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RE: "Roots" of confusion introduced at W3C

From: DuCharme, Robert <Robert.DuCharme@moodys.com>
Date: Wed, 20 Sep 2000 16:19:41 -0400
Message-ID: <01BA10F0CD20D3119B2400805FD40F9F0249DD6A@MDYNYCMSX1>
To: "'xsl-list@mulberrytech.com'" <xsl-list@mulberrytech.com>
Cc: xsl-editors@w3.org
>Thus, for this foundational concept of the "root" of an XML document we
find 
>multiple terms being, apparently, used for the same thing and certain terms

>being used for more than one thing.

An XML document can be represented as various kinds of trees, which serve
different purposes, and any tree has a root that serves an important role in
the use of that tree. There is no single concept of an XML document "root"
that serves all purposes; the meaning of "root" depends on the type of tree
representation of the XML document being discussed. 

When switching back and forth between XML-related specs, the difference in
the types of trees being discussed can be confusing. I don't understand them
all, but I do know the XML 1.0 spec pretty well, and it's much more
internally consistent than you make it out to be.

The XML 1.0 Rec says that documents have a physical structure and a logical
structure. The document entity is the root of the physical structure. It's
the entity (on most operating systems, a file) that the parser reads in
first, looking for references to additional external entities to read in.
The root element is the root of the logical structure; it's the element that
contains all the other elements--the document element. The logical structure
doesn't care about the physical structure, and the physical structure only
cares about logical structure if each component of the physical structure
(each entity) wants to qualify as a well-formed entity. 

>XML 1.0 - "document entity" (Section 4.8). The terms "root node" and 
>"document root" do not occur in the XML 1.0 Recommendation.

The DOM came after the XML spec, so the term "node" doesn't appear in the
Rec except for a reference in Appendix E to a classic computer science
work's description of finite state algorithms. The XML Rec never set out to
define things in terms of nodes. Representations of XML documents that serve
certain purposes, like XPath and the DOM, later used the concept of a tree
of nodes to describe their representations.

>In addition XML 1.0 confuses the issue by using the term "document entity"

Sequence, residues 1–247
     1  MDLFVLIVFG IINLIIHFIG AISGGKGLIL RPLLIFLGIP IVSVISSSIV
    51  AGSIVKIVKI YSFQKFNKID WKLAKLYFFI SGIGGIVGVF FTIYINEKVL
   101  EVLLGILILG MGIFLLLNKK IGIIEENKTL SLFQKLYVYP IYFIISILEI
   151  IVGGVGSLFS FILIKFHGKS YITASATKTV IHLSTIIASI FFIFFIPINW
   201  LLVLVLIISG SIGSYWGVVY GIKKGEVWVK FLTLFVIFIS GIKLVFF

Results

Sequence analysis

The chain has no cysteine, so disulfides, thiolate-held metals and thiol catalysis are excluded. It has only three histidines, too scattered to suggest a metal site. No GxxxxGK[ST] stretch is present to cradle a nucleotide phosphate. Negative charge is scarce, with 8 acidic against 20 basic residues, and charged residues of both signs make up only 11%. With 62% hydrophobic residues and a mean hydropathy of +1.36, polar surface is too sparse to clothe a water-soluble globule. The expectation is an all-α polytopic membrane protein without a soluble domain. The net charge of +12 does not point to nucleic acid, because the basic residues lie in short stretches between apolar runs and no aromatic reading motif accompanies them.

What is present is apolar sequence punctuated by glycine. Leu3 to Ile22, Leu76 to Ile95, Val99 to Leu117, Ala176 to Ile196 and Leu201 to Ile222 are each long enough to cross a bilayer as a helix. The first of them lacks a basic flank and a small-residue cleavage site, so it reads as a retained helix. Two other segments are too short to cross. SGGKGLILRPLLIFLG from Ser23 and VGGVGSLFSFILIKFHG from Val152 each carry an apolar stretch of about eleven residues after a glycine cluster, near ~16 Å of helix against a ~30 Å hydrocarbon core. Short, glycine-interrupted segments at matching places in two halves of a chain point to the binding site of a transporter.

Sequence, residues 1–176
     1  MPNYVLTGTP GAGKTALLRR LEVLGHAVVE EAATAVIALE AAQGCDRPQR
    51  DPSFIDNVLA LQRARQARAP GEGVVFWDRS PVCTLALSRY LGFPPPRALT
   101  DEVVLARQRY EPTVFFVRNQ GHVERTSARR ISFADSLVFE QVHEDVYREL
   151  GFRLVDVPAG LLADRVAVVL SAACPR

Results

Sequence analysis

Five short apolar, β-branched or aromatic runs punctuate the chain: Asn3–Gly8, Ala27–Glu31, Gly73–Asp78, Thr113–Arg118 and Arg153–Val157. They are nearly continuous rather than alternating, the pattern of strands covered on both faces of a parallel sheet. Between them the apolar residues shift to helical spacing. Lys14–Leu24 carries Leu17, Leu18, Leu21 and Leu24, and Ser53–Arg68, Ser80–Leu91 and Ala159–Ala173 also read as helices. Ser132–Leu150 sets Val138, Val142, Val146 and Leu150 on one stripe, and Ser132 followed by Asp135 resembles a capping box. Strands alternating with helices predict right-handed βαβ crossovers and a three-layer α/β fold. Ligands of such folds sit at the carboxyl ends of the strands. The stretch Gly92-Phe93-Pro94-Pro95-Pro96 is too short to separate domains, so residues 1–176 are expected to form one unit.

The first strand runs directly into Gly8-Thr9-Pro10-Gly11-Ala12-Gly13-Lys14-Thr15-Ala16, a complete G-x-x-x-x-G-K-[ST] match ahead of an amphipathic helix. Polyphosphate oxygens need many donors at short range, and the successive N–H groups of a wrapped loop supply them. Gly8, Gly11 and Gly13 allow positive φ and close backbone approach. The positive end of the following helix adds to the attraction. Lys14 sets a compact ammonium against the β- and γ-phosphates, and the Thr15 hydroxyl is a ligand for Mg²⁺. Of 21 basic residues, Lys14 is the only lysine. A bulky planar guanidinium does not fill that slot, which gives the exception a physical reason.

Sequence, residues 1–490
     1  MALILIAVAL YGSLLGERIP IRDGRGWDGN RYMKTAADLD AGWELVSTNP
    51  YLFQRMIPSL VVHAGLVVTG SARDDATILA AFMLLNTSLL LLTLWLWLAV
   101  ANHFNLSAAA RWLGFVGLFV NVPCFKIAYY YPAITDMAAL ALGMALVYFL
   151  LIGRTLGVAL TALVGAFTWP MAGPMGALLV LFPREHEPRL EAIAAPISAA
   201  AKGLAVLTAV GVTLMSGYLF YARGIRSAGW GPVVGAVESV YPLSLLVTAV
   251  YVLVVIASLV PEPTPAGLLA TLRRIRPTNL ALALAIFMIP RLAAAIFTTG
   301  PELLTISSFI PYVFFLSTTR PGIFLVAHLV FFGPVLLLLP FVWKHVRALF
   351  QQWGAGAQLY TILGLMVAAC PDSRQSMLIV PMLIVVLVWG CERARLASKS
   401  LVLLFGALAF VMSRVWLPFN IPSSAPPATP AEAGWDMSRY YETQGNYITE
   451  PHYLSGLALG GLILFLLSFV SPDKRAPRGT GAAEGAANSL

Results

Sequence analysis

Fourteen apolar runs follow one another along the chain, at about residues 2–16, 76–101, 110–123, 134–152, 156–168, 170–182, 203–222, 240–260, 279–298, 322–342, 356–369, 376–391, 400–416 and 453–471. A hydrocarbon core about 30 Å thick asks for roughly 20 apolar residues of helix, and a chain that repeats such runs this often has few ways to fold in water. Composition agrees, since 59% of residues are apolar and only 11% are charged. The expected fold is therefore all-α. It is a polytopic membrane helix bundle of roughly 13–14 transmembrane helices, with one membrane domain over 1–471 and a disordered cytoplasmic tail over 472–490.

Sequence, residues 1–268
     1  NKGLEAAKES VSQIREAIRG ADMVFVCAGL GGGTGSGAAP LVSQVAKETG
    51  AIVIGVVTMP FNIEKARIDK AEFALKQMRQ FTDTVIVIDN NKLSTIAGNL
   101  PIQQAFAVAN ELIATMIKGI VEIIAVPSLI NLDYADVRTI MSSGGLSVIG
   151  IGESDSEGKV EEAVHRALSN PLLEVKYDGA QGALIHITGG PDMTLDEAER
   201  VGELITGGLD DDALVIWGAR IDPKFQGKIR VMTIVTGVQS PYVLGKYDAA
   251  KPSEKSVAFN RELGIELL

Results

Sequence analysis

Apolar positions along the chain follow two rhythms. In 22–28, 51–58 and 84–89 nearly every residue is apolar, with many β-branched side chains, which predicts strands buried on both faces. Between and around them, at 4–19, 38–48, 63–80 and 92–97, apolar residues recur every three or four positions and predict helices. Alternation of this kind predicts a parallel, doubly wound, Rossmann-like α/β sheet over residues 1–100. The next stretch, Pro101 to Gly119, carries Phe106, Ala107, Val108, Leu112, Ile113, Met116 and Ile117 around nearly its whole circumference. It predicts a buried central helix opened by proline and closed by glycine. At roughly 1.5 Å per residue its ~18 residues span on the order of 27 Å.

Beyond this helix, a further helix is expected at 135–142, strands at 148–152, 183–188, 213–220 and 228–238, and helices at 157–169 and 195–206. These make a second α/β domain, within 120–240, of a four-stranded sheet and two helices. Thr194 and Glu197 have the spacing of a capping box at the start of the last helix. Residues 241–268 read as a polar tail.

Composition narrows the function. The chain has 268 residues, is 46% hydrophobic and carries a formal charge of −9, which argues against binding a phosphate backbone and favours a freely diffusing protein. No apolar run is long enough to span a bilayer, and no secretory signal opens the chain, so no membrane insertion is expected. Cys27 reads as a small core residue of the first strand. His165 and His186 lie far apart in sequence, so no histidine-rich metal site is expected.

>to, apparently, refer to both the root of the tree (Section 4.8) and also
the 
>whole serialised document.

The XML 1.0 Rec never mentions serialization either. Section 4.8 clearly
states that the document entity is the root of the *entity* tree (i.e. the
physical structure). Nowhere does the Rec imply that the document entity is
the whole document; a document entity can easily have references to other
entities that act as components of the document without being part of the
document entity.

>XML 1.0 further confuses the issue by using the term "root" (with no 
>qualifier) to refer to the "document element", a child of the "document 
>entity".

The XML 1.0 spec *never* refers to the document element as a child of the
document entity. This confuses the physical and logical structure of an XML
document. (In XSLT, a document element node is a child of the source tree
node, but this is unrelated. Entities in general are meaningless to XSLT
because the XML parser that passes an input document to an XSLT processor
resolves all entities as it builds the source tree that XSLT actually works
on.)

Outside of the XML Rec, the XPath Rec says that "XPath models an XML
document as a tree of nodes." This is the model that XSLT uses, and while
the DOM also talks in terms of trees of nodes, a DOM tree is different. 

I'm not claiming that it's all very well-organized. Otherwise, there
wouldn't have been a need for the Infoset document, and Paul Prescod's talk
of groves wouldn't sound so useful. There is plenty of potential for
confusion, but if you remember that different tree representations of a
document (each with their own root) serve different purposes, it's a big
help in keeping better track of what's what.

Bob DuCharme          www.snee.com/bob           <bob@  
snee.com>  "The elements be kind to thee, and make thy
spirits all of comfort!" Anthony and Cleopatra, III ii
Received on Wednesday, 20 September 2000 16:18:14 GMT

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